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Many children and teenagers with intellectual and physical disabilities fear not fitting in.
But at Southside Middle School in Florence, South Carolina, these students can stand out, shout, cheer, clap and call as much attention to themselves as they want.
It's all possible through The Sparkle Effect, an initiative the school recently started. The program connects students with and without disabilities through cheerleading.
"This is perfect for our school,” cheer coach Kimberly Matthews-Robinson told WBTW. “You want to give them an opportunity to truly connect with typically developing teens."
Twenty-three percent of the students at Southside are special needs students, according to the school's principal, Craig Washington.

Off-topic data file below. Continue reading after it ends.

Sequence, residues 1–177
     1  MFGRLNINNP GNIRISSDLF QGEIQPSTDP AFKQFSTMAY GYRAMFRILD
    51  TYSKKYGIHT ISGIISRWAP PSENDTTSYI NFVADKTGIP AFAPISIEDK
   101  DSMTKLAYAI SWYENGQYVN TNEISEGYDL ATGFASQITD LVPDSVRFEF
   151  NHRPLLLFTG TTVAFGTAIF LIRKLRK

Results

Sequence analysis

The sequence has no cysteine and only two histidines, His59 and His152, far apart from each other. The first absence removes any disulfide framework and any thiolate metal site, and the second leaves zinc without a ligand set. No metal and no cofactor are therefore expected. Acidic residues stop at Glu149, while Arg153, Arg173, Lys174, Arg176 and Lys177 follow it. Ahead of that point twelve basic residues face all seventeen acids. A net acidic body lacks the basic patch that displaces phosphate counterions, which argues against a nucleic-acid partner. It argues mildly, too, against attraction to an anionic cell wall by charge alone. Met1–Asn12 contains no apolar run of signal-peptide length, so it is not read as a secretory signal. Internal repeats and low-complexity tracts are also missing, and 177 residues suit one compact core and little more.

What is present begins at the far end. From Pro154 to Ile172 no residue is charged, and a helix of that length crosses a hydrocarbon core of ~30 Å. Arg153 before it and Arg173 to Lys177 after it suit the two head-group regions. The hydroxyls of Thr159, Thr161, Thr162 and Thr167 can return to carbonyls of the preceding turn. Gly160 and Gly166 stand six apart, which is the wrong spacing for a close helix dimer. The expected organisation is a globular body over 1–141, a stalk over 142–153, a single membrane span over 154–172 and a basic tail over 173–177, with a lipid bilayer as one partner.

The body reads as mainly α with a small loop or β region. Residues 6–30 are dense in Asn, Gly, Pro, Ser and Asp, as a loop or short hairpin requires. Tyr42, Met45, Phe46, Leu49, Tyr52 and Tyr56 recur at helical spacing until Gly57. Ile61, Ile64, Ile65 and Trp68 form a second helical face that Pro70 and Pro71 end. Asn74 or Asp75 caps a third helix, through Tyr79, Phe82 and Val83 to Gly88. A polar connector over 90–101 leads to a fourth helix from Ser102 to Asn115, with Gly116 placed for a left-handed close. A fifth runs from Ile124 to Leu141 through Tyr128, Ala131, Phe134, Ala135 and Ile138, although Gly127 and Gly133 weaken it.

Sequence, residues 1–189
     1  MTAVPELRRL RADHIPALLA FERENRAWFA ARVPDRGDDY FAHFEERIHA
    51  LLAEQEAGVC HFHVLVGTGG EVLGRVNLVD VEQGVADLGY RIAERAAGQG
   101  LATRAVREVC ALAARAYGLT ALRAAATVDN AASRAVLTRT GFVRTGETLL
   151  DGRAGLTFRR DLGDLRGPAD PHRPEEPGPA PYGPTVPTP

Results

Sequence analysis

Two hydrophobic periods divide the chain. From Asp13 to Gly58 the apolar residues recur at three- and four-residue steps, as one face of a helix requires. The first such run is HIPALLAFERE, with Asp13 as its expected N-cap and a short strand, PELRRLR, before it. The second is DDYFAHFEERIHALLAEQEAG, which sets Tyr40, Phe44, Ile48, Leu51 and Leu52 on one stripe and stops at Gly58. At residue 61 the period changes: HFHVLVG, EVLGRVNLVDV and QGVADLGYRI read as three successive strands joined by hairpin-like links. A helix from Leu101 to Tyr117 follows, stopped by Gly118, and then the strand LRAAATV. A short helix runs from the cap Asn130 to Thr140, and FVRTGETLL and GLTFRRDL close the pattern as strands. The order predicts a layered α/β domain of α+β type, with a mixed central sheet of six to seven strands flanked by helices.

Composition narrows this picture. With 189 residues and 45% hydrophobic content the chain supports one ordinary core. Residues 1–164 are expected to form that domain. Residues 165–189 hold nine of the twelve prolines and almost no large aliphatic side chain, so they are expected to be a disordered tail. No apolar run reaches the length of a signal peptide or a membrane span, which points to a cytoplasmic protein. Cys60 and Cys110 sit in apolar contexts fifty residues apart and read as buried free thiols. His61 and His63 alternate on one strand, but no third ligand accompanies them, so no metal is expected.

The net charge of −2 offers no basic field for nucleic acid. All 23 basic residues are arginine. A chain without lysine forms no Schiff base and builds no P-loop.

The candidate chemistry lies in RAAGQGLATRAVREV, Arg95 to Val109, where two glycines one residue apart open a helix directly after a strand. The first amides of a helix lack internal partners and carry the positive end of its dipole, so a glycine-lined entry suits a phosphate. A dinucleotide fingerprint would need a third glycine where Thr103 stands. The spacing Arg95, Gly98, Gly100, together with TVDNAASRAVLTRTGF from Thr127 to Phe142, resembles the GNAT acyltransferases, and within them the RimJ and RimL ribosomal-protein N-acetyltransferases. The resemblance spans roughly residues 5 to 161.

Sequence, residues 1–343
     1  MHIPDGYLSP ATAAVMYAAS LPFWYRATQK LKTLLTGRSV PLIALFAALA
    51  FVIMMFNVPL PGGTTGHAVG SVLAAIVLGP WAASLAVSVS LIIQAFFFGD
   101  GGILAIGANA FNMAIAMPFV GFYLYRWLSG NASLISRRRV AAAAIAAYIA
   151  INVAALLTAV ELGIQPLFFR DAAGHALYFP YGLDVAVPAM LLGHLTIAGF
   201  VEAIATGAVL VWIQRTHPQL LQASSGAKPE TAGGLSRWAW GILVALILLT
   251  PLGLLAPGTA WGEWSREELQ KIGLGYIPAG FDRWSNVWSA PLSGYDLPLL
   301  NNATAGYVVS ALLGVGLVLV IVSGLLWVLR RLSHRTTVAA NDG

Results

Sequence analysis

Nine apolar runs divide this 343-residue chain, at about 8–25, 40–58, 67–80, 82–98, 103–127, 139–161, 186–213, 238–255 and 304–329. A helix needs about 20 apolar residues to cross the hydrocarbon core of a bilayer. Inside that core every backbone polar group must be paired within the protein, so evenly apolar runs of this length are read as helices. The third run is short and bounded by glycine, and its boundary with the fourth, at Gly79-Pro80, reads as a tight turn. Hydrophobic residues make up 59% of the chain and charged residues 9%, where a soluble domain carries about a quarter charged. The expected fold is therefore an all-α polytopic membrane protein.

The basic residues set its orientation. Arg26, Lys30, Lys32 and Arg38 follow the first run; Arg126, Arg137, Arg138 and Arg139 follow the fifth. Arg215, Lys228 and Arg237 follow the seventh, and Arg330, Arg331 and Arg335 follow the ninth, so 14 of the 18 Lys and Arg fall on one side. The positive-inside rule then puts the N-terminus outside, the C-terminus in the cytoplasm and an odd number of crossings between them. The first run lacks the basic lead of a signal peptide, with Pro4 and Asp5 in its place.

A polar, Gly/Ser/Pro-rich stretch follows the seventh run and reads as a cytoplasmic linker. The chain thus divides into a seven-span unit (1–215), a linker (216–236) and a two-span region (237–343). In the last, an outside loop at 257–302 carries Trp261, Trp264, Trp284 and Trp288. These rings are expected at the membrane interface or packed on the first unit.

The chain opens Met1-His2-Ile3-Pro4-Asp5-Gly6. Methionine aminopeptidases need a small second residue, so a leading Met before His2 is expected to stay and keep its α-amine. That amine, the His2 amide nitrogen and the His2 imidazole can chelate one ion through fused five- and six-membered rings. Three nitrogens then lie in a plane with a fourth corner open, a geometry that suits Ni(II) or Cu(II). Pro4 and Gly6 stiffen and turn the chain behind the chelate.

"They are a very important part of our school culture," he told WBTW.
Participants in the program have the opportunity to practice together and to perform at halftime shows during the girls’ basketball games.
The team performed for the second time Wednesday night.
“They can interact. They can hug. The children and kids embrace them,” said Talisha Cooper, whose daughter Kennedi participates in the program.
"Really one of our goals is for them to realize that we are all the same," said teacher Miriam Fulghum.
Southside is the first and only school in the state of South Carolina involved with the programs. School officials hope to spread it throughout the district.